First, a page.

Katherine Loughead is a Senior Policy Analyst with the Center for State Tax Policy at the Tax Foundation, where she serves as a resource to policymakers in their efforts to modernize and improve the structure of their state tax codes.
Ms. Loughead was one of the lead authors of Wisconsin Tax Options: A Guide to Fair, Simple, Pro-Growth Reform and Kansas Tax Modernization: A Framework for Stable, Fair, Pro-Growth Reform. Her work has been cited in The New York Times, USA TODAY, Forbes, the Associated Press, and numerous state media outlets across the country.
Prior to joining the Tax Foundation in April 2018, Ms. Loughead worked for a U.S. senator and a member of the U.S. House of Representatives, where she advised on tax policy during the consideration and enactment of the historic Tax Cuts and Jobs Act. A graduate of the John Wesley Honors College at Indiana Wesleyan University, Ms. Loughead holds a degree in English and Business Administration, as well as a paralegal certificate from Georgetown University.
Originally from Belvidere, Illinois, Katherine now lives in Washington, D.C., where in her spare time she can be found taking flying trapeze classes or reliving her gymnastics days at the local YMCA.
Wisconsin’s tax system needs to be more competitive. New revenue from online sales taxes will make it easier to accomplish comprehensive reforms that benefit all Wisconsinites.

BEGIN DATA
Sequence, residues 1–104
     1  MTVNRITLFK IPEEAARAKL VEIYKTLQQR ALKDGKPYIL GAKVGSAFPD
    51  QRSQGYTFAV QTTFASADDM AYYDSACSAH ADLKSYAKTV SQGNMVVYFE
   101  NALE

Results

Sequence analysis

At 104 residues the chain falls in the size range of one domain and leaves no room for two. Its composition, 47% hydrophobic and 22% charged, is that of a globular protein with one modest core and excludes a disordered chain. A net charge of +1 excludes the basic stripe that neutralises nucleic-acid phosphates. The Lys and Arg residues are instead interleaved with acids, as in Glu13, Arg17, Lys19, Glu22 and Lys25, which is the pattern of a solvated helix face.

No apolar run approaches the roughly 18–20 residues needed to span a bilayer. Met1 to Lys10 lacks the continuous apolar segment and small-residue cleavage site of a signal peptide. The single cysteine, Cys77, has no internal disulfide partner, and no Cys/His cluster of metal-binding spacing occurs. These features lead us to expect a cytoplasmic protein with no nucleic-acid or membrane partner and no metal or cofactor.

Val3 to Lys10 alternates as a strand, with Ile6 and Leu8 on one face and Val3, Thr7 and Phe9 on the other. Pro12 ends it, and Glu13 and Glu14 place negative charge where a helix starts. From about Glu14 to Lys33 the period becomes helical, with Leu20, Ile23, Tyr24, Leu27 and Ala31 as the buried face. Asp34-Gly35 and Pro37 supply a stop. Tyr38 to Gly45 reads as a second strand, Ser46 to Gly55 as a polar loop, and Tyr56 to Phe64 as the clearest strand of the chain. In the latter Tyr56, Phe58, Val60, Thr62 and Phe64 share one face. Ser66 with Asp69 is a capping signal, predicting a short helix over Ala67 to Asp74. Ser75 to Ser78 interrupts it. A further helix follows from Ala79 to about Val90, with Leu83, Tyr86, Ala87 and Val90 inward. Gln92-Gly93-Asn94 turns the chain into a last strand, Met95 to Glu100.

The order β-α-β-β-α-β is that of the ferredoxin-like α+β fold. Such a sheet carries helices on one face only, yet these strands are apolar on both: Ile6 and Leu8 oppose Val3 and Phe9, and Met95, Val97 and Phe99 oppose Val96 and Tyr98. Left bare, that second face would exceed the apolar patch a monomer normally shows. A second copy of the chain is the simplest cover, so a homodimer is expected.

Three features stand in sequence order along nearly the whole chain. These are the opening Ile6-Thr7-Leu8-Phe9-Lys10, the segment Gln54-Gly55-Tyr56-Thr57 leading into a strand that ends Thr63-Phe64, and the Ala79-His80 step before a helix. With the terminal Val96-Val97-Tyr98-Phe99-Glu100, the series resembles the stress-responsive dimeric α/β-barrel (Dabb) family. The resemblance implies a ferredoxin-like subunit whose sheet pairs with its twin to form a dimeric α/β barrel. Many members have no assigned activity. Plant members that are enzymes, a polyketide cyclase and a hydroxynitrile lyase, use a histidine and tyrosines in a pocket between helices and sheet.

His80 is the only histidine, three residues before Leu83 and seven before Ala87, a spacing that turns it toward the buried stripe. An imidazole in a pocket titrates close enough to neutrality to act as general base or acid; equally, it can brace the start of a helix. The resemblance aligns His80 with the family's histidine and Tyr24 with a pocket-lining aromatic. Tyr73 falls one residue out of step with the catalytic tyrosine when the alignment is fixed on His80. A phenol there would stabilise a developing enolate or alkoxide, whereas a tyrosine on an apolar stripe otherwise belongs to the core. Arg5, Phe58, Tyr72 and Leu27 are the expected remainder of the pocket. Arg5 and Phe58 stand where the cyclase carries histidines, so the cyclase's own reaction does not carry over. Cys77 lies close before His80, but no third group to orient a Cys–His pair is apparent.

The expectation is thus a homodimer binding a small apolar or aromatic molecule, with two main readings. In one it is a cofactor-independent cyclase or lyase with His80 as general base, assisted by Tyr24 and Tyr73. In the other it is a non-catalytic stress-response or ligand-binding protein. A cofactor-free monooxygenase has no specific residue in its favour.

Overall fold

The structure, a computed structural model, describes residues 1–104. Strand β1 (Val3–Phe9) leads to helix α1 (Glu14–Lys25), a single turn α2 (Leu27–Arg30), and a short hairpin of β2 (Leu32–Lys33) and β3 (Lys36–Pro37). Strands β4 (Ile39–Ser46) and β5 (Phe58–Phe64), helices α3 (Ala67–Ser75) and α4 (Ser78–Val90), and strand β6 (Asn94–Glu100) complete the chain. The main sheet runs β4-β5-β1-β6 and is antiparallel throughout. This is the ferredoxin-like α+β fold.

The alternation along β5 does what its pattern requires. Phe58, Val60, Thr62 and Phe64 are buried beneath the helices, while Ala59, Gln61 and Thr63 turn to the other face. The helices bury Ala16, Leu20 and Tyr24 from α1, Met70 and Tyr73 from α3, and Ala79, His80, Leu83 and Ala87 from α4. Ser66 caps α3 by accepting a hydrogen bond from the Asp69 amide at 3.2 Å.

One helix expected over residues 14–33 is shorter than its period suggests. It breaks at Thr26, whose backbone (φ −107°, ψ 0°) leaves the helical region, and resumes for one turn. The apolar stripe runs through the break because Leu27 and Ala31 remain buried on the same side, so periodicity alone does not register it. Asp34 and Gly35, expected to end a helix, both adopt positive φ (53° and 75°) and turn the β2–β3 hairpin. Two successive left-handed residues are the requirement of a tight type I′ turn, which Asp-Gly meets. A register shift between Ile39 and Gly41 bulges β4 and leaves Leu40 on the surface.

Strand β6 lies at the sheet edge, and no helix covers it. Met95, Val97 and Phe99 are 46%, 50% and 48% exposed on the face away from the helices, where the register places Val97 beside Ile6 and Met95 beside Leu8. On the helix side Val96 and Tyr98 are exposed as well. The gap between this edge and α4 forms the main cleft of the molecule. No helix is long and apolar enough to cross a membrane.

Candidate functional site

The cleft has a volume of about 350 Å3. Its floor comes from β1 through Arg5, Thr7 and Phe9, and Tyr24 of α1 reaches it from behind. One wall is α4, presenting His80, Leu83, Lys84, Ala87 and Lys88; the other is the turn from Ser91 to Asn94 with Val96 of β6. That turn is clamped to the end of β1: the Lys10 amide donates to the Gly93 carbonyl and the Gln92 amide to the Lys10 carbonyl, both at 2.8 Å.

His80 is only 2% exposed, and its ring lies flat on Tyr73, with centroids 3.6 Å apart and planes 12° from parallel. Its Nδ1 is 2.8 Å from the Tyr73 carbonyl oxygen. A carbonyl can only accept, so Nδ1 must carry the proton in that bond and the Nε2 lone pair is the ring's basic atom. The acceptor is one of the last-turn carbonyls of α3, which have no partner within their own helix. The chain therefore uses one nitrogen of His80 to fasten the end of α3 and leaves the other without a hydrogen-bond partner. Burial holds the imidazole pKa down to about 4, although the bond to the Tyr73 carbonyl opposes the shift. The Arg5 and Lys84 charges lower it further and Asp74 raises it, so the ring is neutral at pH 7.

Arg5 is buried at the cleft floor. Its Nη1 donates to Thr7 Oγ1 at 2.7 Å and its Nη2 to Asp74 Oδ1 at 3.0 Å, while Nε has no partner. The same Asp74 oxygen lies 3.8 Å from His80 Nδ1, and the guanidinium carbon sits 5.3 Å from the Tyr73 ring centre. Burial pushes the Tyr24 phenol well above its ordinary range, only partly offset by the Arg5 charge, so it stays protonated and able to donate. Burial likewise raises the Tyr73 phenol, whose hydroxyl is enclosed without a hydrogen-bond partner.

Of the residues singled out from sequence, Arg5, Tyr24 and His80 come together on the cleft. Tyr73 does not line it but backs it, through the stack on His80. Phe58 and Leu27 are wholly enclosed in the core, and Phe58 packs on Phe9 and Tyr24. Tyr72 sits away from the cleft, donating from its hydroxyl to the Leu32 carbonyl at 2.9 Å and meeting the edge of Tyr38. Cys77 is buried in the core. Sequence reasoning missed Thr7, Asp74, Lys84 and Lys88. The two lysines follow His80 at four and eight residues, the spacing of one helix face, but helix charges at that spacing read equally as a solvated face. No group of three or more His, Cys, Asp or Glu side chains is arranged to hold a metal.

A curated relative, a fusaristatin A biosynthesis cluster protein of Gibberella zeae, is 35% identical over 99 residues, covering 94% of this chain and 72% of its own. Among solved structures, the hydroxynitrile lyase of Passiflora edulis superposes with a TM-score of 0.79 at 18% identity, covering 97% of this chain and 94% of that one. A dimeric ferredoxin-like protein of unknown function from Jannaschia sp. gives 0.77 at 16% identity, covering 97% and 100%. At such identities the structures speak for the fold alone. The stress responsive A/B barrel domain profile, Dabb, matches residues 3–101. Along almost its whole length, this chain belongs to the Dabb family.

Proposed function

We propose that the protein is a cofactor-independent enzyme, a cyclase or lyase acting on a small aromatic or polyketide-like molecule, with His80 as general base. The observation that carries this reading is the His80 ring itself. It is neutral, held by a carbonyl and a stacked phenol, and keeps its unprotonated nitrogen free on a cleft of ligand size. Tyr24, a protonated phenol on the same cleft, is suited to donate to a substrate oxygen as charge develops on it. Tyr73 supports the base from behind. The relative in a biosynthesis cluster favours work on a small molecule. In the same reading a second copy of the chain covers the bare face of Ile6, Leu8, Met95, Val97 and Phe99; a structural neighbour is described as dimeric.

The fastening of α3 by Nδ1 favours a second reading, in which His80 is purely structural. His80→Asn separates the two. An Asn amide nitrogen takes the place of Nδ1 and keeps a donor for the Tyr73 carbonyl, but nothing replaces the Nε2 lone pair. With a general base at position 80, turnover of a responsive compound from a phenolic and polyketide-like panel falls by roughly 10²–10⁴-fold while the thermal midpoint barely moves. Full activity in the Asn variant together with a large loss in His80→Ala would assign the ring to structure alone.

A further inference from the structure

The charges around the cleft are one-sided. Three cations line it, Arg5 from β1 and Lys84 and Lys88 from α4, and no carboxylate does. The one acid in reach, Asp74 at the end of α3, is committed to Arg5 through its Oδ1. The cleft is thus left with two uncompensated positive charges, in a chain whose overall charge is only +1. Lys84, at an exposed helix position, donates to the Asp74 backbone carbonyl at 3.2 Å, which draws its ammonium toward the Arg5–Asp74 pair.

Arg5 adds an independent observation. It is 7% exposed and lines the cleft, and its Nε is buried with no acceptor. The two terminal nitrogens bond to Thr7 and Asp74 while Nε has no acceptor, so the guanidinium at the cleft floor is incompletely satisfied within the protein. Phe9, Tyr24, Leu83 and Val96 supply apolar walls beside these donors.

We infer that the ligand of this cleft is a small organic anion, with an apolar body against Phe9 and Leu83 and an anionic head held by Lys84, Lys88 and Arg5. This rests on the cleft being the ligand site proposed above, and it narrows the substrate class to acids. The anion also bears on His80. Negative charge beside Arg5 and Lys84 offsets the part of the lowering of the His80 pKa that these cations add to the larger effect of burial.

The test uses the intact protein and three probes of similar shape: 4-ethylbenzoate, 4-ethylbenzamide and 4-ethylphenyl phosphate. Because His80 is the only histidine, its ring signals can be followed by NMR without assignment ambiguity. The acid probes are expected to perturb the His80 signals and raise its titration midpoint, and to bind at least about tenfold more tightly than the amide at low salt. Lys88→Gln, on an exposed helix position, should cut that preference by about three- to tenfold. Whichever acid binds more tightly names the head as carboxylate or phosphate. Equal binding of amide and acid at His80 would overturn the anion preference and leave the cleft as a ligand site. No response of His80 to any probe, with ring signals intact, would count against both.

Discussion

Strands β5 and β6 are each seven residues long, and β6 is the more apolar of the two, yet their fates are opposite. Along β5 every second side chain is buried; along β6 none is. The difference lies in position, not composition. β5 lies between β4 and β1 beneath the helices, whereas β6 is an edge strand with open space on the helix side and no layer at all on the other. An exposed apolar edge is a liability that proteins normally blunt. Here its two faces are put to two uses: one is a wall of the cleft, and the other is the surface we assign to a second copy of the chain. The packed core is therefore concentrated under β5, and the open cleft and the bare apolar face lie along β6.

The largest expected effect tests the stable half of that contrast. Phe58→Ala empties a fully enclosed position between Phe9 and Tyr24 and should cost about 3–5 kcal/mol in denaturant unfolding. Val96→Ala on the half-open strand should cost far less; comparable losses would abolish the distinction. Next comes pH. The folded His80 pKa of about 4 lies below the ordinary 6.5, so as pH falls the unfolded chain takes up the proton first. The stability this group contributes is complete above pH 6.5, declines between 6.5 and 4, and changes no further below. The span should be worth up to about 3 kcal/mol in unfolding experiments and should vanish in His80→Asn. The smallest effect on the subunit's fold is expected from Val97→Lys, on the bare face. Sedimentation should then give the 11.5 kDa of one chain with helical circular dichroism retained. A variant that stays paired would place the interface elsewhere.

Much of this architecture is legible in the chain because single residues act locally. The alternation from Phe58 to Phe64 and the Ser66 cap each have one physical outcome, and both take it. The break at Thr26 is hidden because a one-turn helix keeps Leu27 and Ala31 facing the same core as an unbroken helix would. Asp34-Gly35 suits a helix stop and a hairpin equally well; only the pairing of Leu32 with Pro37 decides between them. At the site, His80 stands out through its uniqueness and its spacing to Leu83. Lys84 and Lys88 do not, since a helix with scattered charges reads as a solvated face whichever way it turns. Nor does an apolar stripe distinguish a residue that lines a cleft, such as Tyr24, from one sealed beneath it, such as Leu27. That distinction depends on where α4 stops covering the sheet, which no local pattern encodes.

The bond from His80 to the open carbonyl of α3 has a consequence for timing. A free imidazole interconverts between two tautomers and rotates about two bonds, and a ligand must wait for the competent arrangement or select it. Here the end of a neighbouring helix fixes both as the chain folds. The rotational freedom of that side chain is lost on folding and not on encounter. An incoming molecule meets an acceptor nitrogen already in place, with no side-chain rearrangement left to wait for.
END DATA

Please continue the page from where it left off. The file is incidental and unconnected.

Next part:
Georgia, Idaho, Iowa, Missouri, and Utah capitalized upon the Tax Cuts and Jobs Act’s (TCJA) changes by conforming to increase their annual state revenues.
When policymakers get in the habit of handpicking goods for which the sales tax does or does not apply, the tax base simultaneously erodes and becomes more complex.
Sales taxes represent a major source of state and local revenue. Click to see how much your state relies on sales taxes and for a state-by-state comparison.
Excise taxes make up a relatively small portion of state and local tax collections—about 11 percent—but per capita collections vary widely from state to state.
On average, state and local governments collected $1,144 per person from individual income taxes, but collections varied widely from state to state.
More than half the states have pension plans that are less than two-thirds funded, and five states have pension plans that are less than 50 percent funded.